Nails are not often given much thought. But right from a minor itch that needs scratching or gaining a grip over anything, nails play a significant role every day.
Healthy nails typically sport a pink shade, slightly raised in the middle, then curved a bit at the tip. But sometimes they may change colour, texture and shape, signifying a deficiency of nutrients, infection or an underlying health issue.
Fingernails are made of keratin, a protein similar to what hair is made of. Just like hair, nails too lose their colour, lustre and tone if not provided with adequate nourishment. Nails usually grow an inch and a half every year, quicker in younger people than older people, in pregnancy, in summer than in winter and in the hands rather than the feet.
In the first of a two-part column, we look at what could go wrong with your nails and the nutrition you need to repair them.
Nail shape abnormality
A nail that curves in the opposite direction at the tip is a symptom of chronic iron deficiency anaemia. Nails that tend to curl under at the tips can signify respiratory or heart problems, while nails that are raised at the base can also signal respiratory trouble. Square, wide nails can be a result of a hormonal disorder while flat, thin nails can be from insufficient vitamin B12. Meat, dairy products and eggs are great sources of vitamin B12. Besides, having a good intake of iron rich foods through green leafy vegetables, nuts and organic meats, and complementing it with vitamin C sources such as any citrus fruit or lemon juice helps enhance iron absorption.
The nail contains several layers of keratin that are sealed together. However, when unprotected hands are exposed to hot air, water or cold air, these sealed layers may peel off. Peeling nails means that the diet is lacking in omega fatty acids. Supplementing the diet with foods rich in omega fatty acids, such as walnuts, flax seeds, almonds, nuts, sunflower seeds and evening primrose oil will help improve moisture levels of dull nails. Moisturising your hands with a body lotion also helps keep the layers supple.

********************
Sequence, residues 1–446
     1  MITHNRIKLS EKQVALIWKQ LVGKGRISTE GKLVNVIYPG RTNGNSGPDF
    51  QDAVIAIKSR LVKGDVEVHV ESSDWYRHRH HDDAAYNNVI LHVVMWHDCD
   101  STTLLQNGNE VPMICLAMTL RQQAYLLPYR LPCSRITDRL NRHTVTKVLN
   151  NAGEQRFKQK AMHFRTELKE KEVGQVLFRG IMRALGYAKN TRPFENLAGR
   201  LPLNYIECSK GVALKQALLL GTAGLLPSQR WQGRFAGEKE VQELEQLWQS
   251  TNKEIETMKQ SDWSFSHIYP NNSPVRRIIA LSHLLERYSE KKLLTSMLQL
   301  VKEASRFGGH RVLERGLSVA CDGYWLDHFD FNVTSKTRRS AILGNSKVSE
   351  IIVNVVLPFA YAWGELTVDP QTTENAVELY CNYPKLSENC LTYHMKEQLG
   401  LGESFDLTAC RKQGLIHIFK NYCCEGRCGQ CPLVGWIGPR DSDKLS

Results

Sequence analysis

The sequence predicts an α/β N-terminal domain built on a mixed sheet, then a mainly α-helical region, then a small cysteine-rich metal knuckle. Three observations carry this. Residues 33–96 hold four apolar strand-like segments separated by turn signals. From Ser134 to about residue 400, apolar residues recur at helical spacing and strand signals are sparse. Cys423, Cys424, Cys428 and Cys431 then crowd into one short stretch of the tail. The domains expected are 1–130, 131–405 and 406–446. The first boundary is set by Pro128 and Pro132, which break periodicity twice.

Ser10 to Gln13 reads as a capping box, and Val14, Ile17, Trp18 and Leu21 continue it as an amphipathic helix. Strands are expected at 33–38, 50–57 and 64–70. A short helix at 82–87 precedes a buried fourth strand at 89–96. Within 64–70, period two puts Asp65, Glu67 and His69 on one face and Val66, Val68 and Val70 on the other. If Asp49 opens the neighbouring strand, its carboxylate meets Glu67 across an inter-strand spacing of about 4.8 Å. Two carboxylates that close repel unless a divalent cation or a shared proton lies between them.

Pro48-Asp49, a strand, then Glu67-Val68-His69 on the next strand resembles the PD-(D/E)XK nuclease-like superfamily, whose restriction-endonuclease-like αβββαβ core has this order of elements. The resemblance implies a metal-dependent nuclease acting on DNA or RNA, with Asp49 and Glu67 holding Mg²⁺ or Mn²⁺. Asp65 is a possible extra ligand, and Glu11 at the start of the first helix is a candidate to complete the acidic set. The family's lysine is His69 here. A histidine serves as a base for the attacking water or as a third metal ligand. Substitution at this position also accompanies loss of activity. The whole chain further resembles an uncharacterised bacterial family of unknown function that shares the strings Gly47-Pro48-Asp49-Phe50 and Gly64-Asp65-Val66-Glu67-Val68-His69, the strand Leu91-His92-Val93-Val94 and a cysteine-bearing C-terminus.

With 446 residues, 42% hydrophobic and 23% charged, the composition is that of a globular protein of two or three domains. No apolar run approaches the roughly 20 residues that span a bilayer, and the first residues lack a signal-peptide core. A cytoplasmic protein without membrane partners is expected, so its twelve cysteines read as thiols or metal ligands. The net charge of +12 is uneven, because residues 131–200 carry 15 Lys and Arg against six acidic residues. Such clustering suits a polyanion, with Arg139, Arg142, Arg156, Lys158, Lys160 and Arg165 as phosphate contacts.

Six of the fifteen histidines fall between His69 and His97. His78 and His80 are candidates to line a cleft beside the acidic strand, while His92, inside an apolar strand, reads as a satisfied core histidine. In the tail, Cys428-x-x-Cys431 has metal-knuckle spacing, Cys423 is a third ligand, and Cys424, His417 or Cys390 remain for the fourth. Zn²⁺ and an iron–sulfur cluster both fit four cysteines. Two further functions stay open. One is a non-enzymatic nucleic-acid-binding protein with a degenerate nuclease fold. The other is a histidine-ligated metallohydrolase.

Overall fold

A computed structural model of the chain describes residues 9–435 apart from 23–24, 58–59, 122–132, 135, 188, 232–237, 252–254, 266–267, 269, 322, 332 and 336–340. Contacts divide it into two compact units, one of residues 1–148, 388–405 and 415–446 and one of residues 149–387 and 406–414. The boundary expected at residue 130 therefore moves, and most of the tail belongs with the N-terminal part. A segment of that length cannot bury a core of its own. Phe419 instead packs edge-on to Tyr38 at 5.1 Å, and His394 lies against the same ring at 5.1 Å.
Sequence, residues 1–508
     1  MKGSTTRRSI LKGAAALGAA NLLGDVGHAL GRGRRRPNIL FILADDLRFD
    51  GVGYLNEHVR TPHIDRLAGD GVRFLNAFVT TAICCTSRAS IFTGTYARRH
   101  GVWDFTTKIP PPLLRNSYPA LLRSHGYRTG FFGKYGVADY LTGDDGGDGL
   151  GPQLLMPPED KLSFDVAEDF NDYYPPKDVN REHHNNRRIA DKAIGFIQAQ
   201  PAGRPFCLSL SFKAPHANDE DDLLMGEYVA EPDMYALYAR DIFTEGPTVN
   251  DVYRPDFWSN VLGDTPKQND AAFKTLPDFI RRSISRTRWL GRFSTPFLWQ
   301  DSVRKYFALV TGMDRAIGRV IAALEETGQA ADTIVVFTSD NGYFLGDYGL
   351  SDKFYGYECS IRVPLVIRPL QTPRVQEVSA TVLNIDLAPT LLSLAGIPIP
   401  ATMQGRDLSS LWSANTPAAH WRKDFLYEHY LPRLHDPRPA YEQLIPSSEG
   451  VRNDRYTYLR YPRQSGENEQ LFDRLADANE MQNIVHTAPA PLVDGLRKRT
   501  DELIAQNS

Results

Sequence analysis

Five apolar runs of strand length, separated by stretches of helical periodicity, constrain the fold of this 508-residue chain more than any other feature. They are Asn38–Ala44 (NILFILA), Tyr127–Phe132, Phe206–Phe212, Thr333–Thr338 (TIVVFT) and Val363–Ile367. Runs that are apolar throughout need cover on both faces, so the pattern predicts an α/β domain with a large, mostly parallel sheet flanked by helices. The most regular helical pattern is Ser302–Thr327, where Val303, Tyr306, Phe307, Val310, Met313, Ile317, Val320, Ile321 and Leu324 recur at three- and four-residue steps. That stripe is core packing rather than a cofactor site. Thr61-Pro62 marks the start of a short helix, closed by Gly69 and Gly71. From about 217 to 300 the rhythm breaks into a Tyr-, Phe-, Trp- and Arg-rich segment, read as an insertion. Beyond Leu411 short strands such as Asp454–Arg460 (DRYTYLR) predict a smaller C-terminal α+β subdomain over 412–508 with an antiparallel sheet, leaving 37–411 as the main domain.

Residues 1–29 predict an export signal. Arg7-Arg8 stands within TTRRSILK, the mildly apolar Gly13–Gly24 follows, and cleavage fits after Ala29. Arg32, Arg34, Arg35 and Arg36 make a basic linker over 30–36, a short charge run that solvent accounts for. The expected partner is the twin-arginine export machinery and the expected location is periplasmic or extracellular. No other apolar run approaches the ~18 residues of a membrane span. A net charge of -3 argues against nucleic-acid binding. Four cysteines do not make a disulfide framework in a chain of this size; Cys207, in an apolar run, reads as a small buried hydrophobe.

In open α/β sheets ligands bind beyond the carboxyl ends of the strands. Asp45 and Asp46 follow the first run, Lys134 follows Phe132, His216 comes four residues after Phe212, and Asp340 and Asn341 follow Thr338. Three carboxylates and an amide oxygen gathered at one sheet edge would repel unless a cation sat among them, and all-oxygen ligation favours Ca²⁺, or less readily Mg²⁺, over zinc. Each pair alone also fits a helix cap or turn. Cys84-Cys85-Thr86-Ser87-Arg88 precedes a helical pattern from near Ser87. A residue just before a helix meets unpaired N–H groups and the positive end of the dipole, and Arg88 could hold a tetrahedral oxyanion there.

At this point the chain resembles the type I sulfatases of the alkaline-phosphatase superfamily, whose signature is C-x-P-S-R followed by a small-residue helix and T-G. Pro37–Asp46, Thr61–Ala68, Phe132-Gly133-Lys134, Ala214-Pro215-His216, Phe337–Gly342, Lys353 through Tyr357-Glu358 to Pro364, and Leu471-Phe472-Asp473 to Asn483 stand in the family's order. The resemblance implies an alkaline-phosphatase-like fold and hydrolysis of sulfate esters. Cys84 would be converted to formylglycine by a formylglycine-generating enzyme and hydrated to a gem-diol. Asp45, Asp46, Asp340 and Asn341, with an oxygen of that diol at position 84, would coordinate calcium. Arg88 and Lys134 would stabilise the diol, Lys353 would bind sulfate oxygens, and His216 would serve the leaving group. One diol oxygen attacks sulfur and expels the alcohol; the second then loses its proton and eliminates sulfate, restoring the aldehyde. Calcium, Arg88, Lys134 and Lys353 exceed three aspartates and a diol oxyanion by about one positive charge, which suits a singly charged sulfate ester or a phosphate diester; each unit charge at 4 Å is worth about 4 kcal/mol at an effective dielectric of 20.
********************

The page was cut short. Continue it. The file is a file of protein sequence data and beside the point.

Women often complain about their nails being too brittle and cracking easily. Though the problem seems quite simple, there are several underlying causes. Brittle nails cannot hold on to moisture, tend to dry too easily and crack. An underactive thyroid is often associated with brittle nails. A diet lacking in calcium and protein also cause nails to break or crack easily as they lack in strength. Consuming foods rich in iron (methi, nachini, fish, most leafy vegetables), biotin supplements and eggs will help rectify the problem to a certain degree. Besides, one must try avoiding leaving hands wet for too long as that worsens brittleness. You can increase your calcium intake through green leafy vegetables, dairy products, sesame seeds or even a daily calcium supplement.
Yellowing nails are early signals of various internal disorders such as diabetes, respiratory or liver problems. Yellow spots on the nails can be an indicator of fungus or psoriasis. Seek your doctor’s advice for fungal problems.
Dr Anjali Mukerjee is a nutritionist and founder of Health Total, a nutrition counselling centre